James M. Boice once said, “People tend to overestimate how much they can accomplish in five years, and underestimate how much they can achieve in twenty.” While Mark Dever exhorts, “Teach and pray, love and stay.”  Teach the people; pray faithfully for the people; love the people; and stay with the people.  It is true indeed, that this is the “kind of patience that believes teaching God’s word is effective, that prayer is necessary, and that a loving and long-term relationship between pastors and congregations tends to produce far more fruit, lasting fruit, when men stay in a pastorate rather than flitting between churches every few years.”  (Pastor Thabiti Anyabwile)

Harmartiology, part 1

Adventures in Missing the Mark.

^That’s the subtitle of this post, which is a long time coming, and the reason for jotting this down is the accumulation of all that I have read in the past year or so. Since my latter years of undergrad, I began looking deeper into my faith and talking to my dad about a lot that’s been going through my head and heart in relation to our faith…going “back to the basics” you could say. However, this back to the basics did not include simply examining the basic tenets of my Christian faith, but at the underlying theology that is innate and present in everything that I do in life, at home and away from home.

I began seeking to understand why I am the kind of Christian I am, and why I go to the church I go to (and whether or not I needed to change my ways to become a “new kind of Christian” that has been soo much written and talked about in today’s emergent conversation).  Thus, I started researching about the “Protestant Reformation” and studying reformation theology–the doctrines of grace, “tulip” and all things related to John Calvin and Martin Luther (and also in retrospect, the heretical, Arminian-istic and Emergent/McLaren-istic theologies).  I wanted to know myself better, and to know God better. Thus, I tried tackling the easiest things first: grace, faith, salvation, etc.

Too my surprise–these easy things aren’t so easy or simple, and at its very core, they are so Divine that throughout all that I’ve read, studied, researched and sought to understand…there seems to be so much I cannot understand. Why the God of all creation would save me, let alone anybody, at all?!? Why is God so gracious to us?!? We are such depraved sinners, all of us, that we deserve eternal punishment from God–and yet He has given us His Son Jesus Christ, who lived & fulfilled righteousness when He was alive and died on the Cross for our sins, and rose to life on the 3rd day so that we may live. He made Him who knew no sin to be sin on our behalf, so that we might become the righteousness of God in Him (2 Cor 5:21).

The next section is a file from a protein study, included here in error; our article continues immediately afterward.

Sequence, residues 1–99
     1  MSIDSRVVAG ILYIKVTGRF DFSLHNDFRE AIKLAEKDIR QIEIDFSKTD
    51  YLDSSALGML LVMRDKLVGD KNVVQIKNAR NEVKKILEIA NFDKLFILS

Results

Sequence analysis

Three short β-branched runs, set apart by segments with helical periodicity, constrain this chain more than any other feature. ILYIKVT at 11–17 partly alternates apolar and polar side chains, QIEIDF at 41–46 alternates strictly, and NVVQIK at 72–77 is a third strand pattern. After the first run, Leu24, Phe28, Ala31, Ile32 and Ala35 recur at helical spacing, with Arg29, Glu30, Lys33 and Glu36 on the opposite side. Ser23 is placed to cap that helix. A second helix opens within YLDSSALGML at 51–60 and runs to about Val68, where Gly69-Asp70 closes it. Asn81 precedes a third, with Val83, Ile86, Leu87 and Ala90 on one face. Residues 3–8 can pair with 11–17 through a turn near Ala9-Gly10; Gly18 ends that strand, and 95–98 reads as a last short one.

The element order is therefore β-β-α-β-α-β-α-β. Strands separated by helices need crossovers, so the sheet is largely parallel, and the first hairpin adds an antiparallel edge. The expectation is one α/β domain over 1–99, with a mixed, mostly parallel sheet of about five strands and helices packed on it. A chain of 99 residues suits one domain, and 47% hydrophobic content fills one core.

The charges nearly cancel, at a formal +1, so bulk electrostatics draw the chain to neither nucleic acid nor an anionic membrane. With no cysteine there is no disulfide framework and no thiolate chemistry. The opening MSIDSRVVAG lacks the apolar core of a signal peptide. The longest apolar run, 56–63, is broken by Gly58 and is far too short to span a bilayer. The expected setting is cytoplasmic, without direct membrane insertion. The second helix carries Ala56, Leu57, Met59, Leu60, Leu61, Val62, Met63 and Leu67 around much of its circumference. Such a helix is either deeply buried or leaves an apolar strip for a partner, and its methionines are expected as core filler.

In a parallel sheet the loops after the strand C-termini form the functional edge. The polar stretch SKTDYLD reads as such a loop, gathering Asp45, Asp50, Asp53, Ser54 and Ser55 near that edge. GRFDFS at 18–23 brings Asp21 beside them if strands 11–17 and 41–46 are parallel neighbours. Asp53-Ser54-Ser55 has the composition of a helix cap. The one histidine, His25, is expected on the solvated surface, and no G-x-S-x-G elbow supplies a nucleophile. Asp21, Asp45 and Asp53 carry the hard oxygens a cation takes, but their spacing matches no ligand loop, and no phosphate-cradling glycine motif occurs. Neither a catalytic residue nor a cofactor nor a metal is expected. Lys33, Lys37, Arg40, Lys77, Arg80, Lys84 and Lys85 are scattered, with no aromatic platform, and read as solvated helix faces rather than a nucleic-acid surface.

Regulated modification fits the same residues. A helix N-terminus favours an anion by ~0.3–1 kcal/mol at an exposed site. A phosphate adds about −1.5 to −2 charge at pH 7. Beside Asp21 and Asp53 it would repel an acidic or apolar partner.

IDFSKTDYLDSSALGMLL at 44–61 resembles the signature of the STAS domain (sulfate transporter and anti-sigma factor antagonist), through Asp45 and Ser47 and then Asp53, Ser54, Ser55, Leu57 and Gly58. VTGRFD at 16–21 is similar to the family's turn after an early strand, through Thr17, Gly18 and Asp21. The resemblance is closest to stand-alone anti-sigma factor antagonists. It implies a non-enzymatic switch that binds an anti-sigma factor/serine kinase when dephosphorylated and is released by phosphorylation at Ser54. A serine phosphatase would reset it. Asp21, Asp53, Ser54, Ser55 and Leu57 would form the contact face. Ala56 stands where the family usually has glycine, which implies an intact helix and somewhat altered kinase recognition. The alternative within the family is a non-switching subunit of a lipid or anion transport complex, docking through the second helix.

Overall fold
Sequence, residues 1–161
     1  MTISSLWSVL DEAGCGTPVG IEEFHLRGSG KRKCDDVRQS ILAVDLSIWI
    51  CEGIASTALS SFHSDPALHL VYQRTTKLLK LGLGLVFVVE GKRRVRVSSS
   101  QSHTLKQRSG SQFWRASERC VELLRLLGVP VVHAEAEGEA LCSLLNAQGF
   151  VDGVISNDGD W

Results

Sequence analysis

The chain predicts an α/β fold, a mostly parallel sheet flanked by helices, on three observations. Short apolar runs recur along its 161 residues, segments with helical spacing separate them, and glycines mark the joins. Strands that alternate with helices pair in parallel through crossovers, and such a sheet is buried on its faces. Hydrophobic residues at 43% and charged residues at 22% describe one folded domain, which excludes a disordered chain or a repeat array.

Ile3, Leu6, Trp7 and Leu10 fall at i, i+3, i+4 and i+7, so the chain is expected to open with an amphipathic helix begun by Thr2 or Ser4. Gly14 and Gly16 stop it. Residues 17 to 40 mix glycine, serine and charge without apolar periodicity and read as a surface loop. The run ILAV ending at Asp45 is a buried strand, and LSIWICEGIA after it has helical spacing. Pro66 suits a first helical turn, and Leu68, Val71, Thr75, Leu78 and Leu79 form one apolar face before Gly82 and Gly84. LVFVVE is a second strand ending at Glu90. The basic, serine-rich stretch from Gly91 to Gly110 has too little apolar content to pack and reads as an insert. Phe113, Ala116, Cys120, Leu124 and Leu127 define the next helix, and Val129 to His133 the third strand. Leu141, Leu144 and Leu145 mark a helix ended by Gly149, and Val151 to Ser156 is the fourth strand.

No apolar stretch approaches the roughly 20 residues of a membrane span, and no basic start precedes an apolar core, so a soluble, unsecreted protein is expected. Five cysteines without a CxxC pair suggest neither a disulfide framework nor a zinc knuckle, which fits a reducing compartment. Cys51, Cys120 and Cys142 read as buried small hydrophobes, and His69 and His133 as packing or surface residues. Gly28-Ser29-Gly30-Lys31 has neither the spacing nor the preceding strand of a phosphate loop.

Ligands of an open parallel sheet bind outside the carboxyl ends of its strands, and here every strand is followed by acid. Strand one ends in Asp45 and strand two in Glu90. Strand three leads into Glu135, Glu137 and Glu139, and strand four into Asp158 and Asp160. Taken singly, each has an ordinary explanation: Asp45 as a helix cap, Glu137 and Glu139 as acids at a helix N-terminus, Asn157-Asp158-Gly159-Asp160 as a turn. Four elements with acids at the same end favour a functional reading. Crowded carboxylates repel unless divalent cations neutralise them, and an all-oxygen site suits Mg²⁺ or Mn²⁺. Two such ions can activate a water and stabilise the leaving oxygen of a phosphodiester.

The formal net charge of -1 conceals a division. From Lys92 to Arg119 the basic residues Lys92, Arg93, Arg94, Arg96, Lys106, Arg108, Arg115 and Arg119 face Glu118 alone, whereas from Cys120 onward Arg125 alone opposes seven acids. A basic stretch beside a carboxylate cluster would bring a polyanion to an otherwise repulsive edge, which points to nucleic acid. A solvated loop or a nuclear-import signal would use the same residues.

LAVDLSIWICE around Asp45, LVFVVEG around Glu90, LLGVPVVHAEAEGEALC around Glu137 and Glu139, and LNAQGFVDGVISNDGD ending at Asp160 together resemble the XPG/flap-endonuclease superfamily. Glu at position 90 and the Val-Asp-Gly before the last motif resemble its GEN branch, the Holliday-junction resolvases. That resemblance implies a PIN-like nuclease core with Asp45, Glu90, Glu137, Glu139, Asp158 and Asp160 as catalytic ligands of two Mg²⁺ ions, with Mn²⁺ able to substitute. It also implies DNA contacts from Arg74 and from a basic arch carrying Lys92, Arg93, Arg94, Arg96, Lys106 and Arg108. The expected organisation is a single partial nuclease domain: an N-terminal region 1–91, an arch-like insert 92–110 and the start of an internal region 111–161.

That’s how it all got started. Which now brings us to today’s post:

Harmartiology.

If you were allowed to chose one, just 1, doctrine within Christian systematic theology to study–what would it be? For most, it would probably be soteriology–the study of salvation. But for me, as one who has seeked to live all of life for God’s name and renown, to worship and bring glory to God in all things… I’m interested in understanding that ONE thing that hinders, trips and holds us back from bringing glory and honour and praise to God: sin.

What is it? Why do we do it? What are the consequences of it? Are there significant distinctions or differences between sins?

Hence, harmartiology: the doctrine/study of sin.

I’ve only just begun thinking about this…all kind of stemming from my Sunday School class on what “godliness” means (1 Timothy 6).

In Psalm 14, David writes about fools, sinners:

they are corrupt, they do abominable deeds, there is none who does good… They have all turned aside; together they have become corrupt;there is none who does good,not even one.

At reading all of this, I find it ironic that in a book of praise there is an entire song talking about sin, harmartiology. And it’s so soo hard to swallow too–we don’t like to hear it, that we are SINNERS. S-I-N-N-E-Rs. In our nature, to every part of our being, we are depraved, without good. Because of original sin from Adam, sin came into the world through one man, and death through sin, and so death spread to all men because all sinned (Romans 5:12). Sin and death.